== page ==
That alternative energy source was hydro. Warshow and Rubin explored whether they could develop abandoned 19th century dams under a new federal law, the Public Utility Regulatory Power Act, which was enacted in 1978 and paved the way for independent companies to sell electricity to utilities. Today, 7 percent of the nation’s power comes from independent power producers, according to the Union of Concerned Scientists.
Warshow and Rubin started with the old Wrightsville Dam in Montpelier. They obtained a federal license and permits for the property and then sold the project to the Washington Electric Co-op. Then they acquired abandoned dam sites in East Montpelier, Springfield and Winooski.
The East Montpelier dam had been owned by Green Mountain Power, but the utility let the federal license lapse and Warshow and Rubin swooped in to buy it. The duo obtained the land for the dam through an eminent domain proceeding. GMP officials were stunned.
When the pair tried to develop the Winooski dam, they became enmeshed in a seven-year legal battle with Green Mountain Power, the city of Burlington, the city of Winooski and the owner of the Chace Cotton Mill.
Burlington wanted to develop a dam on the river falls and spent $4 million on environmental studies. Under federal law, municipalities get first dibs for hydro licenses. The trouble was, the city was backed by a private enterprise — Green Mountain Power — and that put Warshow and Rubin on equal footing. Their proposal cost half as much and produced two-thirds of the power Burlington hoped to produce. Eventually, Warshow and Rubin won.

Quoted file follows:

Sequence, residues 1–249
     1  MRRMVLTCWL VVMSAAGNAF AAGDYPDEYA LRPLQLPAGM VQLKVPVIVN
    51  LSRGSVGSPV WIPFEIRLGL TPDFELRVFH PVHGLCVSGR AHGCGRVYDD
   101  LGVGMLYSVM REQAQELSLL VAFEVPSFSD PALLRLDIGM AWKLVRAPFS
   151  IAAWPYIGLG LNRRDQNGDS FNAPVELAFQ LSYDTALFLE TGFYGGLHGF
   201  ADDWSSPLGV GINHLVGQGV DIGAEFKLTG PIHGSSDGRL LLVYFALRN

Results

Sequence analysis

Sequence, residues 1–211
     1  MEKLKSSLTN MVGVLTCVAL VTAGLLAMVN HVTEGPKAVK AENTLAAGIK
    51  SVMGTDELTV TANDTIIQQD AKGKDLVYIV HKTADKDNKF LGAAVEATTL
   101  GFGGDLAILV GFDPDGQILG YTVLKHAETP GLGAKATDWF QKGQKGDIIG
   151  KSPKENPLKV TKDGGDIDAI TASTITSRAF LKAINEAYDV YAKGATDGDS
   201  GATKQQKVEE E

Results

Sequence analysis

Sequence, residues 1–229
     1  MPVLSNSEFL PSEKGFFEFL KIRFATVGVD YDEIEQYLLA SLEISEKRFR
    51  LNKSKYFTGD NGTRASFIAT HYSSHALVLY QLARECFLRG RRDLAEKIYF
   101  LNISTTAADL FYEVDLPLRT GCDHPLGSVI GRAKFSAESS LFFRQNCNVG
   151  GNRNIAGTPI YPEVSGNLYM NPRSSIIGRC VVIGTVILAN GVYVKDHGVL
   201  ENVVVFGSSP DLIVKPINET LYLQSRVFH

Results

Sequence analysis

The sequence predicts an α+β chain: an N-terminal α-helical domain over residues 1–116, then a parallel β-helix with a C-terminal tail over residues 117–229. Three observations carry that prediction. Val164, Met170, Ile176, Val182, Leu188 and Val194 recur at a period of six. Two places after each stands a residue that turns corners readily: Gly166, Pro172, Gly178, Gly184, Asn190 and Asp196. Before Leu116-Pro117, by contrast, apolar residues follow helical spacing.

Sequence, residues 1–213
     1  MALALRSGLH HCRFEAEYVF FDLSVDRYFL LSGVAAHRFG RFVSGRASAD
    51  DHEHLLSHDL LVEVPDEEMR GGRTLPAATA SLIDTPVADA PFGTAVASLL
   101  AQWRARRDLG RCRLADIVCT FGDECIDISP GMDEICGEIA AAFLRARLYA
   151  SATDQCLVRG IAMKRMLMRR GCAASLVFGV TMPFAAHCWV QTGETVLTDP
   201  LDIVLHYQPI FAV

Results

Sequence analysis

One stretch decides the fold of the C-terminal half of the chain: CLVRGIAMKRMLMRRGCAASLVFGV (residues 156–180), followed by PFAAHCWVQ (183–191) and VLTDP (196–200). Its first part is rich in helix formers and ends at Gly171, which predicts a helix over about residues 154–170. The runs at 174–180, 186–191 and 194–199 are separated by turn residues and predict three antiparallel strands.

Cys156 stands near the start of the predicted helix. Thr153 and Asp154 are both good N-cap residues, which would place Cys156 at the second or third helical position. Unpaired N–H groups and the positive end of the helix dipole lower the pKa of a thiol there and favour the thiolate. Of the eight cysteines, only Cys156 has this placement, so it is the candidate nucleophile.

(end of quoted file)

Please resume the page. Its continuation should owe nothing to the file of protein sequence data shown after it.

“John was a fighter, but without anger,” Rubin said. “In a business partnership that lasted 34 years, I never saw him lose his temper.”
They then went to war with Green Mountain Power over power rates. The utility didn’t want to pay rates allowable under federal law, which were in the 10 cents per kilowatt range at a time when nuclear power was selling for 4 cents per kilowatt. Warshow argued, again pro se, that the utility didn’t have a choice.
Miller said utilities have a state-granted monopoly for their service territories, and this was the first time an independent company was generating relatively large scale power.
“[John] led the fight at the PSB to obtain payments that were sufficient to actually build and run one of these plants, which was key to getting this whole industry going,” Miller said.
Warshow and Rubin bought GMP and Central Vermont Public Service shares (for themselves and their friends) and a group of 10 or so of the activists began showing up at the annual meetings. They gave utility executives a hard time about investments in the Seabrook nuclear plant in New Hampshire. (Warshow, who was a member of the anti-nuclear Clamshell Alliance, spent 30 days in jail for a protest at Seabrook.)
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Steve Terry, who was an executive with GMP, describes Warshow as “a tough opponent.” Terry doesn’t recall that the utility ever won a rate case against Warshow.